“I once witnessed a 16-year-old girl who was speeding be thrown out of her [windshield] because she wasn’t wearing a seat belt,” Neuman said. “We had to have her mom come to identify her, which nobody wants to see.”

Neuman said distracted driving can be deadly. While she said she understands the need to answer urgent messages, people should not use their phones when driving.

“We have a campaign: buckle up, phone down,” Neuman said. “I get calls from my sergeant all the time that I have to answer when I’m driving. I understand distracted driving; I live it. You never know you are being unsafe until it’s too late. It could cost yours or someone else’s life.”

Kaleigh Bendoff, junior, knows what it’s like to be on the other end of a reckless driving accident. In August 2017, Bendoff’s mother got into a serious accident at an intersection near Tillman Elementary School.

“Reckless driving is a horrible thought to imagine,” Bendoff said. “I remember I was on the bus when a kid said, ‘Look, there’s a car wreck!’ I went to the side of the window and I saw my mom’s car with her bright pink jacket inside.”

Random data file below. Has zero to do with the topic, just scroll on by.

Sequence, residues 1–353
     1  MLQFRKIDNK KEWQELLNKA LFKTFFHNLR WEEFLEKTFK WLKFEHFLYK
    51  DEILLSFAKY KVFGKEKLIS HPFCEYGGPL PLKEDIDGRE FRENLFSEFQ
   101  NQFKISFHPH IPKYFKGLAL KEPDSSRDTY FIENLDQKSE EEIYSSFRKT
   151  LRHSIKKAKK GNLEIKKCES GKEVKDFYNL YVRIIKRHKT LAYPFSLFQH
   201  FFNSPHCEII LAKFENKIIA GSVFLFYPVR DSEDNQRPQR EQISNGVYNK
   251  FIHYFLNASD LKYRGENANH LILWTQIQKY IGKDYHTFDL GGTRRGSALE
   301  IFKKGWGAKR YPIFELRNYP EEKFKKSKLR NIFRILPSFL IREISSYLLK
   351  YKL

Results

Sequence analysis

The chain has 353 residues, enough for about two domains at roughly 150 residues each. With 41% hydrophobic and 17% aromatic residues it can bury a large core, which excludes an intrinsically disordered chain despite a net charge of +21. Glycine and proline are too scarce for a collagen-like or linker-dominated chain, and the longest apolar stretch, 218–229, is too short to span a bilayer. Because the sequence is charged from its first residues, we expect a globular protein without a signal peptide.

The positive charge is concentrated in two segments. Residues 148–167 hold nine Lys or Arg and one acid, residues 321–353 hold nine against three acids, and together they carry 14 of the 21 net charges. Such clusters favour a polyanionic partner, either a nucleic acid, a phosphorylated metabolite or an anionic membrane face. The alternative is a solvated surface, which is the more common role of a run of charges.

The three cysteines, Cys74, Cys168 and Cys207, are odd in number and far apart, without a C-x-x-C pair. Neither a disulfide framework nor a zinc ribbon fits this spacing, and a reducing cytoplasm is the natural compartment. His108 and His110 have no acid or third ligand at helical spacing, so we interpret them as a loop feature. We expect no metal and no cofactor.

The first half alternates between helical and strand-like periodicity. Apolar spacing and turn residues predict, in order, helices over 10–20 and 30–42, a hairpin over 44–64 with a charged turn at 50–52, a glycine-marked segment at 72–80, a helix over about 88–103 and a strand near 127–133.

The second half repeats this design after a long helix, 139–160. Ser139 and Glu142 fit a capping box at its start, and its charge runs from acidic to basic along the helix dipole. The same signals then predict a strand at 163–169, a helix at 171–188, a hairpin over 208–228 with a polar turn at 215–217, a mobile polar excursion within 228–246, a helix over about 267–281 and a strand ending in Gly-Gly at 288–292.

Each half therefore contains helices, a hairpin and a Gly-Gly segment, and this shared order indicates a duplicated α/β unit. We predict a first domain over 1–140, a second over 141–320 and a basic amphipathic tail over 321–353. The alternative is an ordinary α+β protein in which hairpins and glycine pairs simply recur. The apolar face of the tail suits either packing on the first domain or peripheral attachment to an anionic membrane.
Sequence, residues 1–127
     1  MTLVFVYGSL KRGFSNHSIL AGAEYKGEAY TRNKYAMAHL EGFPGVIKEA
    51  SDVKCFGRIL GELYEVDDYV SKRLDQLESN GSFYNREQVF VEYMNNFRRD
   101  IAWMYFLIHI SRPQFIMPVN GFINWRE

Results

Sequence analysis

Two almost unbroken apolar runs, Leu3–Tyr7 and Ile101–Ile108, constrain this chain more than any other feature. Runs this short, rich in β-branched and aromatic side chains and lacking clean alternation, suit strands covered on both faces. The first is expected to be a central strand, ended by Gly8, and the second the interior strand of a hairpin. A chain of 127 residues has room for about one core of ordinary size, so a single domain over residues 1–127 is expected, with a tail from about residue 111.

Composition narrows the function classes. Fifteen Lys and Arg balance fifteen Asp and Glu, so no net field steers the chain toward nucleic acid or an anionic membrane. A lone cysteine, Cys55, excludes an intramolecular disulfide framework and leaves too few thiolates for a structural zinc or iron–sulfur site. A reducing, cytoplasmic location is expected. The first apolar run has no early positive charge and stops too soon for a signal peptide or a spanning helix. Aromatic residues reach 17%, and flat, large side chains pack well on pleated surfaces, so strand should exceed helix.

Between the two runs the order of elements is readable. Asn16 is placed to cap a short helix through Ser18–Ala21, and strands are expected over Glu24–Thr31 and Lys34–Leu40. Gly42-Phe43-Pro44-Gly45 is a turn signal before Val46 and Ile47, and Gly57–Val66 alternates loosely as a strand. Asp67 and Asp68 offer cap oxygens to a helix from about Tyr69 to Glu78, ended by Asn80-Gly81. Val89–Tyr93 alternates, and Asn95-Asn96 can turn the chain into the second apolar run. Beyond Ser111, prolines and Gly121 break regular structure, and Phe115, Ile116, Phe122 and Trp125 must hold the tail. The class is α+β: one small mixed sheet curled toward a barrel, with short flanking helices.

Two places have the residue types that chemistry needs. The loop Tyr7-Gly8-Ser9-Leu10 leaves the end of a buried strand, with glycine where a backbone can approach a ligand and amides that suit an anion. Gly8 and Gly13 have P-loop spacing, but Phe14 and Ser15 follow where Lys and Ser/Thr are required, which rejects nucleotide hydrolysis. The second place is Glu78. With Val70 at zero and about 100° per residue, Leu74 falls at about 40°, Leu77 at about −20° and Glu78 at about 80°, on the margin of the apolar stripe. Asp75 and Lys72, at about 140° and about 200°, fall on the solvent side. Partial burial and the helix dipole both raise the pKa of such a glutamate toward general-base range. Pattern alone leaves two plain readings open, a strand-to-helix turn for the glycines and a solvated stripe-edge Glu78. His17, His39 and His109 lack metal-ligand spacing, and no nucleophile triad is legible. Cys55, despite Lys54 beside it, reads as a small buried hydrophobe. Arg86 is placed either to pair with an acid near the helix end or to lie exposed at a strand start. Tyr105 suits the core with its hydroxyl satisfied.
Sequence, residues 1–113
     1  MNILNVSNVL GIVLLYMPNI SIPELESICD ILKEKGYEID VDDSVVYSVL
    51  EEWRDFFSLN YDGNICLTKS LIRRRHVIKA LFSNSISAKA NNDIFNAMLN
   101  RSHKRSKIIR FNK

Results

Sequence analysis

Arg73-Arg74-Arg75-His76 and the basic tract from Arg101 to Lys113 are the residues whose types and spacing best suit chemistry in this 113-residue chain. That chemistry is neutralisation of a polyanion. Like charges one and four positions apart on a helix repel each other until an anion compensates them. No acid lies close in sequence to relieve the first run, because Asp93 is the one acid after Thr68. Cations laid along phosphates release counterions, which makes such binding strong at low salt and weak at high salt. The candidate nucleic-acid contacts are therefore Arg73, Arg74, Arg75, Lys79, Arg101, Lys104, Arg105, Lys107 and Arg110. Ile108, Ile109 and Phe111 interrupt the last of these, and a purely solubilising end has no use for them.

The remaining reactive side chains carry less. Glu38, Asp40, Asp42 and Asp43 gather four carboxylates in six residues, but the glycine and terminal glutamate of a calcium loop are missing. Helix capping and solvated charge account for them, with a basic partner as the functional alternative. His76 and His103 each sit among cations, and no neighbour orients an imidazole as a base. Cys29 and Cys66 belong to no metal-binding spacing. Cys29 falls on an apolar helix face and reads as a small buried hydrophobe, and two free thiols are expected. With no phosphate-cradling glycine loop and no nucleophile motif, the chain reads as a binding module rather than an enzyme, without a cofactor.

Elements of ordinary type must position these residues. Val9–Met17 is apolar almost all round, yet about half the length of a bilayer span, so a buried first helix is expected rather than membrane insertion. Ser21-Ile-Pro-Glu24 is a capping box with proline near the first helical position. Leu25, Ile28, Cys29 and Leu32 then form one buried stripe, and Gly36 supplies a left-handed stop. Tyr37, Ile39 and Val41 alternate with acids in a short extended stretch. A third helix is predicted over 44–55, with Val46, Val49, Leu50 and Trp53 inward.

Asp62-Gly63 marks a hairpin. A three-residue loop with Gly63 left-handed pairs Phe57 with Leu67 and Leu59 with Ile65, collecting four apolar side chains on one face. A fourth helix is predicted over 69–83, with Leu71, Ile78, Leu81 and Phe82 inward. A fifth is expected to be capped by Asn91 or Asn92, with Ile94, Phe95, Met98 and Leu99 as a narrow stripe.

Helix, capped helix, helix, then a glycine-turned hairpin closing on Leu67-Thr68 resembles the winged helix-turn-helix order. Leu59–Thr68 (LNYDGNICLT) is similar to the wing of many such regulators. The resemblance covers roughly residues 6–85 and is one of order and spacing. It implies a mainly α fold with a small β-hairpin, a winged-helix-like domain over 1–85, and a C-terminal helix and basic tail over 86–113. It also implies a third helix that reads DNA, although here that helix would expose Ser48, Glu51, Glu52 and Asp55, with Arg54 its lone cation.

Bendoff said she quickly began to panic. Still, the bus driver would not allow her to get off until she reached her bus stop. Bendoff said her mother wasn’t answering her text messages, which caused her to become even more distressed. When her mother arrived home uninjured, Bendoff was relieved. She later learned that her mother’s car was totaled when a teenager crashed into her mom’s car while texting and speeding.

“Her reckless driving could have killed my mom,” Bendoff said. “It’s terrifying to imagine that I could have lost her.”

Since she became a licensed driver, Bendoff said she has been cautious. She said she never touches her phone, other than changing a song at a stoplight. She hopes teens will realize that reckless driving is more dangerous than they think.

“Most teens tend to not think at all when driving,” Bendoff said. “If you don’t know how to drive properly, you could hurt a lot of people. You may think it’s not a big deal, but you never know what could happen when driving recklessly.”

According to the Law Office of Donna Clark Frayne, about 12% of fatal automobile accidents in Missouri between 2012-2014 involved teens. Bregande said although he survived his accident, he does not take it lightly.

“I made a full recovery, but it took about a month to get back into the groove of things,” Bregande said. “My parents didn’t let me drive for a very long time which I completely understood. I had to prove to them that I could be a safe driver again.”

Bregande said he has learned a lot from his accident. He said he stops early at stoplights, stop signs and is always cautious. According to Bregande, he took away one of the most powerful lessons of his life on that late June night.

“That night, I made a stupid decision to go fast,” Bregande said. “You shouldn’t speed or do anything dangerous inside a car. I am so lucky to still be here and that nobody was [seriously] injured or killed in that accident.”